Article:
In addition to sharing the state of vaccinations among kiddos in Spokane, the Women Helping Women Fund’s report also showed how children in Spokane County are facing another health concern as they grade school: dental care. In 2015, dental decay affected 53% of Spokane third-graders. Disparities can be considered by looking at decay experience for elementary students who attend schools with high free- and reduced-lunch eligibility (considered low-income schools) versus those who attend schools with fewer eligible students. At higher poverty schools, 69% of students had evidence of dental decay, significantly higher than the 53% of students with such evidence at higher-income schools. 

ensuring dental treatment

As a requirement of ECEAP, our kiddos have to have a dental screening every 6 months. To ensure that ECEAP kiddos have healthy teeth, YWCA ECEAP has a dentist and their crew come to classes to perform dental screenings on every child that is in need of one.

In the 2017-2018 school year, 765 children received dental treatment from ECEAP programs around Washington State. 51% of ECEAP kiddos became up to date on their dental screenings. Of the children ages 2 to 5 eligible for Washington Health Care Authority Dental Services, 65% received dental services within the past year, while 95% of ECEAP children did.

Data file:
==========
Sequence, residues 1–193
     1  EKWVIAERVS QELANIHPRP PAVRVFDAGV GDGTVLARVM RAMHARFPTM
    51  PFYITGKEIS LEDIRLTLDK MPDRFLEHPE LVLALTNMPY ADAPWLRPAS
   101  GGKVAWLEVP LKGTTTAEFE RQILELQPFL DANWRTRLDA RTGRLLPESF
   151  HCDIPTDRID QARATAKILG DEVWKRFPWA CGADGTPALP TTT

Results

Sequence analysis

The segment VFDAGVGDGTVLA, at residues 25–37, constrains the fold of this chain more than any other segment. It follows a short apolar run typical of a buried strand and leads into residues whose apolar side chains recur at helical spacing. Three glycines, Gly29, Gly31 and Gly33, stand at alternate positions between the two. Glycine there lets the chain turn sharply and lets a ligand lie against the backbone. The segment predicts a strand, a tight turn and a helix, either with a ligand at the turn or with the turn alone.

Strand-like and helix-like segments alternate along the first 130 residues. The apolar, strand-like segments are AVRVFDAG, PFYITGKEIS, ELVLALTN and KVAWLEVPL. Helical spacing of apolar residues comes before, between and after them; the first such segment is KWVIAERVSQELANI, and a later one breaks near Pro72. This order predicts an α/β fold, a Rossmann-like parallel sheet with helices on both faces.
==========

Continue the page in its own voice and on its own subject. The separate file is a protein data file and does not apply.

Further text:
Building healthy Lives

Beyond dental care and immunizations, ECEAP helps with a child’s health in every way possible. ECEAP kiddos receive hearing screenings and vision tests each year on site. ECEAP requires “well-child exams” to ensure kiddos are physically healthy in terms of weight, their heartbeat, and blood pressure (think of them as a physical). ECEAP kids are required to have a well-child exam at the start and end of each school year. When ECEAP children arrive at the beginning of the school year, 61 percent are up-to-date on well-child exams. This is close to the statewide completion rate of 62% for children ages 3 to 6 on Medicaid. Through ECEAP interventions, 93 percent of children become up-to-date on well-child exams.

Often, this is made possible due to the incredible work of our Family Service Coordinators. Family Service Coordinators (FSCs) works directly with the parent in helping them obtain adequate medical and dental coverage for the family if they do not already have it. FSCs can assist in finding the appropriate resource for families, helping fill out paperwork, providing a computer for families to use, and even obtain the bus passes to families to an appointment if needed.

ECEAP’s success is clear not only through the numbers, but through parent testimonies too. One ECEAP parent said:

“For the past two years my child has grown in leaps and bounds. It wouldn’t have happened without ECEAP. The teachers and other staff have supported my child and my family and I can’t thank them enough.”

How To Apply To YWCA Spokane’s ECEAP

YWCA Spokane has 4 ECEAP classrooms where we proudly educate and support boys and girls and their families. You can get a registration form from one of our ECEAP locations or use the online ECEAP APPLICATION form and return it via email to the ECEAP location you would like to apply for.


A special thanks to the Women Helping Women Fund and Washington Department of Children, Youth, and Families for their support in providing statistics featured in this post. 

By: Olivia Moorer